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What does the 2030 Challenge mean for AECs?

The 2030 Challenge and the AIA 2030 Commitment ask the global architectural and building community to adopt strategies to get to carbon neutral buildings by 2030. A Designer exclusive investigates progress toward the goal.

By Cathy Hutchison   •  September 15, 2014 4:47 pm EDT

Tags: architecture, education, energy efficiency, sustainability,

While designing fuel-efficient cars seems to get all the press, it is actually buildings that are responsible for the majority of our energy use. The 2030 Challenge and the AIA 2030 Commitment ask the global architectural and building community to adopt strategies to get to carbon neutral buildings by 2030. That means buildings would use no fossil fuel nor produce any GHG-emitting energy in operation. The motivation behind the 2030 Challenge is about reversing climate change.

Clients and the 2030 Challenge

“There is a lot of confusion about the terminology that we are throwing around as an industry,” comments James Theimer, principal at Trilogy Architecture in Redding, Calif. “We were surprised at how few firms committed to the 2030 Challenge. It isn’t calling for new buildings to be Net Zero; it is advocating for buildings to be carbon neutral. We are finding that many clients are more attuned than our industry is to these issues.”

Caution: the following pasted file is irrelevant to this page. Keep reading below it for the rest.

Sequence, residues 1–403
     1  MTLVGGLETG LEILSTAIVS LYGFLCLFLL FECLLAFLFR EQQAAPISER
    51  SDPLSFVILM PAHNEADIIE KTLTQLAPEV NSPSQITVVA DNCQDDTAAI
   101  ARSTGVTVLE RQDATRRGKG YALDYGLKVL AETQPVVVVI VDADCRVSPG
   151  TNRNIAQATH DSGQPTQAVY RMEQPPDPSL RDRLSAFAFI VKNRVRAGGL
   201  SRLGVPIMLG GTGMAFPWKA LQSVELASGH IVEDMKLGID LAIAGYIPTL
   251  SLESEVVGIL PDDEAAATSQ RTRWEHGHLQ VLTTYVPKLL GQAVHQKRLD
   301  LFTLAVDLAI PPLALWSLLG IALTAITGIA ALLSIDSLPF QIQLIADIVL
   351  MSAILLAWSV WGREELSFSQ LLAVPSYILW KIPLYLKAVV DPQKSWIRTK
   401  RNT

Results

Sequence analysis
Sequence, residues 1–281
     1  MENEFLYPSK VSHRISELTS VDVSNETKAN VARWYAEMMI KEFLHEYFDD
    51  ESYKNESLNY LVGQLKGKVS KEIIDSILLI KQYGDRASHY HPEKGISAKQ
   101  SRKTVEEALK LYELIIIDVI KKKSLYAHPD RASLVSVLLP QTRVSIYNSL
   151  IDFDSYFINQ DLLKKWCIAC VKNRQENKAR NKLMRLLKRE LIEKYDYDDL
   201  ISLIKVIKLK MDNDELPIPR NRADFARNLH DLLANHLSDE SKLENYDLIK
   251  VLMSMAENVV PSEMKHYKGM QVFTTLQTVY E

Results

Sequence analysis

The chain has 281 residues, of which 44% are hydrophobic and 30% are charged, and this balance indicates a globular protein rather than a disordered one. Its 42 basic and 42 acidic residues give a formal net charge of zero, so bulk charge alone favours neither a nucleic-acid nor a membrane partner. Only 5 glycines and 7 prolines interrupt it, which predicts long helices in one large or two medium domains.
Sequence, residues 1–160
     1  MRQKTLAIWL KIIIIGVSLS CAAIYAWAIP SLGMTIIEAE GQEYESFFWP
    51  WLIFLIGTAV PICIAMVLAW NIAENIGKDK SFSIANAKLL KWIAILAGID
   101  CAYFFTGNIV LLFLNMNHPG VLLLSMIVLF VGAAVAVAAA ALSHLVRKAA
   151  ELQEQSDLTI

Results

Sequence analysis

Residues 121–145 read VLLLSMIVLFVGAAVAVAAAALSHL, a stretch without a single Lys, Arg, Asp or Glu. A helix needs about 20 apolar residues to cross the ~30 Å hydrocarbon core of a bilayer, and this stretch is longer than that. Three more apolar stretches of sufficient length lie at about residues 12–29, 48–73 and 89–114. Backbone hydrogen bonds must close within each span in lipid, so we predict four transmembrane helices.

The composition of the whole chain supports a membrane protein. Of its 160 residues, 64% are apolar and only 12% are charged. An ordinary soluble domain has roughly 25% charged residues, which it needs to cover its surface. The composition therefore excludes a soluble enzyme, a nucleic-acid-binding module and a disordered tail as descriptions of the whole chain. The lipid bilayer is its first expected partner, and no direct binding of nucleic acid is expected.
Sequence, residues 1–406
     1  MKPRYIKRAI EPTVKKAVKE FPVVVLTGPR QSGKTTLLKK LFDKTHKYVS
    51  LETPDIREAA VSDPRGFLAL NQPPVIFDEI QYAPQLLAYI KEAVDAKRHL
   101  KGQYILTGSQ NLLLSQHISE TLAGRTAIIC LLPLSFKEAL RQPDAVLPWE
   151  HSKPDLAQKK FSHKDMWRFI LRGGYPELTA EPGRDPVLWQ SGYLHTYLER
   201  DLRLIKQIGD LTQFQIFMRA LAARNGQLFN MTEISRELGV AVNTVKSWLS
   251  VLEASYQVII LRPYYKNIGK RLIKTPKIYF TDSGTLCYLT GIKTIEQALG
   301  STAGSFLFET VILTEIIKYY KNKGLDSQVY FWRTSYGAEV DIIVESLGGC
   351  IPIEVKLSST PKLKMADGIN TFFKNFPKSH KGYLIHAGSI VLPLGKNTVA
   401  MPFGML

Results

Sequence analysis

Mamie Harvey, principal at Architectural Alliance in Minneapolis, finds that certain types of projects may more readily lend themselves to energy efficient strategies than others. “Because one of our focus areas has been science and technology projects—which have an opportunity to use a lot of energy or save a lot of energy—we have seen a real focus on the design of efficient systems. The emphasis crosses public and private market sectors. Strategies that can benefit the client in terms of payback are at the forefront, especially with long term or build-to-suit projects.”

And Harvey adds, “In Minnesota, projects [that] are publically funded are required to meet the Minnesota Sustainable Building 2030 (SB2030) energy standards. This legislation has raised awareness of 2030 for the architectural community in Minnesota.”

Some architects, like Roberto Chiotti, president of Larkin Architect Ltd. in Toronto, Ontario, report that design professionals are oftentimes the best versed in carbon neutral objectives. “We see the primary buy-in coming from the building industry profession—led by architects and engineers,” he notes. “A speculative developer is less likely to buy-in because they aren’t sure if the market will pay the price to achieve the goal. However, in projects where the end-users inhabit the buildings—especially in institutional projects—they benefit from the investment and often bring the consciousness to the process.”

Harvey adds that client support or lack thereof is often a driving factor in how projects are approached. “Where architects have a hard time meeting the goals of 2030 is when the payback for energy efficient systems is not of value to clients,” she says. “In those cases, building systems are rarely designed for efficiency. Architects can use more passive systems to meet the goals, but unless the projects are modeled for energy efficiency, we won’t know how well the design performs relative to 2030.”

Measurement is Key

“How easy the 2030 Challenge will be depends on how well we calculate our usage,” highlights Theimer. “That’s the on-grid question that has to get answered—and our industry isn’t yet doing a good job of it.”